In 1958, Vivien Leigh met, via satellite, with Ken Tynan and Samuel Goldwyn to discuss various Hollywood subjects on Edward R. Murrow’s show “Small World.” The show brought together a critic (Tynan), an actress (Leigh) and a producer (Goldwyn) in an attempt to get the points of view of all aspects of the motion picture industry.
A bit of history between Tynan and Vivien Leigh: Kenneth Tynan held a historical professional dislike for Vivien, often speaking badly of her when he reviewed her stage performances. Vivien took these criticisms to heart, and began to be very self-conscious during her performances for fear of a bad review from Tynan. After they met personally, however, Tynan was taken by her grace and charm toward him despite his earlier criticisms, and immediately became enraptured with her. He stopped his harsh criticism of her and began to be a frequent guest at the home of Vivien Leigh and Laurence Olivier. By the time of this program, the friendship had been established, but it is noticeable that there is still a slight friction there. Tynan seems to be pressing her, and Vivien becomes a bit defensive.
In my opinion, Kenneth Tynan in this program is rather insecure. His claims are often a bit immature from the critical perspective, and he tries to justify them without really listening to the other speakers and taking their responses in. He was young here (29 years old), and I think his discussion is not really on the same level as Vivien and Sam Goldwyn, who were much older, more experienced members of the industry. He still resorts to some attacks of Vivien (insinuating that her performance of Streetcar was not entirely believable, for example), and it is evident that many of his views on the industry are based in his youth and general inexperience.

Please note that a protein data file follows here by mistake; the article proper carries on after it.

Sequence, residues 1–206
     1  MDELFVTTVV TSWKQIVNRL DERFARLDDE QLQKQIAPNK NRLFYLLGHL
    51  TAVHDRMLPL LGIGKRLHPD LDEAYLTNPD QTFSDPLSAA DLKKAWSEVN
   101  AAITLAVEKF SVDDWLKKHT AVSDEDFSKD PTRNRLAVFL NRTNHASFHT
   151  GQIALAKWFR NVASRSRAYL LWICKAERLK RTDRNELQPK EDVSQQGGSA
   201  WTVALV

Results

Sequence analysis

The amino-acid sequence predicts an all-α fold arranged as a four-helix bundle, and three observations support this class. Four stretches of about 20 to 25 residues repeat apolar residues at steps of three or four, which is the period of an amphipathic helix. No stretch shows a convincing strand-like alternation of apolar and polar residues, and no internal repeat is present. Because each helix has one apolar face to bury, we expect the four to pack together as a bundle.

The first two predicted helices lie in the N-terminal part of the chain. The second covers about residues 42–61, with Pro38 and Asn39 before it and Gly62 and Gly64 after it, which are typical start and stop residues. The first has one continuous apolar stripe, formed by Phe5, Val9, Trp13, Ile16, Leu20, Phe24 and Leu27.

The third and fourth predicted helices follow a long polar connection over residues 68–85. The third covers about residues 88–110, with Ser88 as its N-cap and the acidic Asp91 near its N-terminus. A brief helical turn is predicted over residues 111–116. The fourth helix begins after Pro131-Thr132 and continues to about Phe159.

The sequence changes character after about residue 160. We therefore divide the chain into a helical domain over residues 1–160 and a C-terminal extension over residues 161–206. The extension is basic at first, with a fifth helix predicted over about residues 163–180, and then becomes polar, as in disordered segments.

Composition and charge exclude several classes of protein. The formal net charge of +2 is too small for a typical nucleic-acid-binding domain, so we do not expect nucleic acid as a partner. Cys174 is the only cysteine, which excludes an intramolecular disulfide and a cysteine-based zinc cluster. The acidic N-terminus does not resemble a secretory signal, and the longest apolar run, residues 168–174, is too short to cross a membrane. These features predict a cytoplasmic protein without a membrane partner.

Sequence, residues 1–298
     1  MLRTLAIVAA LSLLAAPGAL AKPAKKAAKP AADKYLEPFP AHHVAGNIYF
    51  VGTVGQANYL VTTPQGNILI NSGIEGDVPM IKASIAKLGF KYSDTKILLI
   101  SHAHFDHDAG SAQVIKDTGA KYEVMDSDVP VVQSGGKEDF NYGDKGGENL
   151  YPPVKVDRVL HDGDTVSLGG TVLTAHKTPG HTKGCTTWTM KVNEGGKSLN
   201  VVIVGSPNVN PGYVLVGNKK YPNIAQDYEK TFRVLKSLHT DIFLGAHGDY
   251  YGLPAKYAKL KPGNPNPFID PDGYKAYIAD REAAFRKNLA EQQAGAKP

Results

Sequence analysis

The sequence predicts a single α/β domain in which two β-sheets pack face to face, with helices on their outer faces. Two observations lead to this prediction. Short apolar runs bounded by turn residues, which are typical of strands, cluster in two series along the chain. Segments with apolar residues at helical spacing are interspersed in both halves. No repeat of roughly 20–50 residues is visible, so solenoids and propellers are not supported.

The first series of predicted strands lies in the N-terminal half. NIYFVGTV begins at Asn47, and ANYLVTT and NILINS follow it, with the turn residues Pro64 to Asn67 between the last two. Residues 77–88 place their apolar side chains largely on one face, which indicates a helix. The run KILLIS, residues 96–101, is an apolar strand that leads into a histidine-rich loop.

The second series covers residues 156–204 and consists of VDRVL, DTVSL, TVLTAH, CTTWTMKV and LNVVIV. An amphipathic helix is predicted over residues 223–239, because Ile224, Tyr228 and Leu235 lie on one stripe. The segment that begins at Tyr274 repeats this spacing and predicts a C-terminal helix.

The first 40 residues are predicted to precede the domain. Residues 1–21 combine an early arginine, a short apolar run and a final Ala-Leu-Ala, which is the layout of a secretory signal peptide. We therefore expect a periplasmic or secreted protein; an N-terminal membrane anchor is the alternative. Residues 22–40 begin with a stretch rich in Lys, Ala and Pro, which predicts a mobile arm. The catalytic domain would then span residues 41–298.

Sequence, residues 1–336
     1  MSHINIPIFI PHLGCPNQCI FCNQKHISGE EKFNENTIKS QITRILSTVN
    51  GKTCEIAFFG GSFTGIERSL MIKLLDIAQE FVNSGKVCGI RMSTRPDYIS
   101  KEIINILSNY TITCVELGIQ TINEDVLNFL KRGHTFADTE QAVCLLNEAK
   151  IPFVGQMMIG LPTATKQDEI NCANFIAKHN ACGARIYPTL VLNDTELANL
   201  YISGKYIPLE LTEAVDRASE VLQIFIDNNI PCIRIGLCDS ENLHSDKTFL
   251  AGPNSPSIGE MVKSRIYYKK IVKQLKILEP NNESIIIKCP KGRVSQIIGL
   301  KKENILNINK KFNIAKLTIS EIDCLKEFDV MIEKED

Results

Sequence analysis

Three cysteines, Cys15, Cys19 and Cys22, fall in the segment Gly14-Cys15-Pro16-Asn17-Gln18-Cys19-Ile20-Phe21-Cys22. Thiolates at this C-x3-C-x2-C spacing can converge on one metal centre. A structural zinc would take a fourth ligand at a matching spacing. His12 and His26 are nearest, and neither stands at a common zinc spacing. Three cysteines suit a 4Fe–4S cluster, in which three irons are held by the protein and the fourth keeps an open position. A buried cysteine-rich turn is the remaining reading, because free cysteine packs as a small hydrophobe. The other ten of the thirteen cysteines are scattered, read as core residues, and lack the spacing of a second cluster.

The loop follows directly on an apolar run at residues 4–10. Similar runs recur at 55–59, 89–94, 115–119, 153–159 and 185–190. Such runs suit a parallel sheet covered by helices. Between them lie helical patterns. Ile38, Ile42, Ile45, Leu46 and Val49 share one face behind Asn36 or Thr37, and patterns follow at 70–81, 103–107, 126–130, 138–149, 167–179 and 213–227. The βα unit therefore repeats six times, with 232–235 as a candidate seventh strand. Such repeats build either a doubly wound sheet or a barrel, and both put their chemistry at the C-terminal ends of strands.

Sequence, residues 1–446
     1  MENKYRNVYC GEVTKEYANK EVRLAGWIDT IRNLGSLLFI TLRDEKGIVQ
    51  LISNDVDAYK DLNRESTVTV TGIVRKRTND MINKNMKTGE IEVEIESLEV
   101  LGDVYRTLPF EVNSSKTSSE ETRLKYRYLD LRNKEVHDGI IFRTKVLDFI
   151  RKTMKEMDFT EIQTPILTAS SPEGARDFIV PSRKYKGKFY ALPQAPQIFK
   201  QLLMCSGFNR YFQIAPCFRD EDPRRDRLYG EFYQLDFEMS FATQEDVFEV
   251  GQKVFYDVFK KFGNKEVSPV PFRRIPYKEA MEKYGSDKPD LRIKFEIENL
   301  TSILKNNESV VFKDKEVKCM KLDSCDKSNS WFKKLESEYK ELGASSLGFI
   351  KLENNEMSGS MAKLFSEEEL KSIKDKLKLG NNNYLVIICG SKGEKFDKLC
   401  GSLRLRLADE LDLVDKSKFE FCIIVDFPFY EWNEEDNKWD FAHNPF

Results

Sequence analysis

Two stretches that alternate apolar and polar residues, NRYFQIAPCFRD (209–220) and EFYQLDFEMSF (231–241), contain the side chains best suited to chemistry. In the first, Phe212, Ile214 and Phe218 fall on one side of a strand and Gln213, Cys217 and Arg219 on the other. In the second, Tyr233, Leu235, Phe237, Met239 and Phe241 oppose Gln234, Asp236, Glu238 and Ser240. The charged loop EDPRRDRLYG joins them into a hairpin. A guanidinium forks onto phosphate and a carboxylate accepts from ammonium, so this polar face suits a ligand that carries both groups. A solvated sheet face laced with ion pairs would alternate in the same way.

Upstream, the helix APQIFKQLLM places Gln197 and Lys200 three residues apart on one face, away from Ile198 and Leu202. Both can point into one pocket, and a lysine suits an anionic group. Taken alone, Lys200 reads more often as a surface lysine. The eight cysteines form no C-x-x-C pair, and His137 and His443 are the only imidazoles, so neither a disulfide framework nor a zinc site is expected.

If Kenneth Tynan was too insecure, Samuel Goldwyn was the opposite. He had just made The Best Years of Our Lives, and already referred to it as “a picture that will last,” a rather bombastic claim if you ask me, especially as it had just been finished. He also makes some ridiculous comments (my favorite moment of the entire interview is when he says “I am not yet ready to shove under the doors six or seven million dollars and go away fishing!” And Vivien responds with “What does that mean….?” Brilliant) for some reason he couldn’t remember the name of Gone With the Wind, and some remarks are just simply erroneous, like his comments about Orson Welles not having succeeded as a producer or writer. I think Vivien and Tynan were right on the target when they very loudly corrected him on that point. How he even had the idea to say something like that is beyond me.
The doubtless star of this program was Vivien. She essentially controlled the interview by making everything she said count, either by agreeing with Goldwyn or Tynan, or very articulately shooting down the silly comments they make. She also manages to work Olivier into the discussion on a number of occasions, and criticized the fact that Olivier didn’t get to do Macbeth, which was very justified I think. There is a real class in her discussion, that doesn’t manifest in the other two members of the discussion, who seemed more concerned with defending and promoting their egos than anything else.
It is a fascinating interview, and even though some silly remarks are made by the two men, all three people are very interesting to listen to. Here it is in its entirety: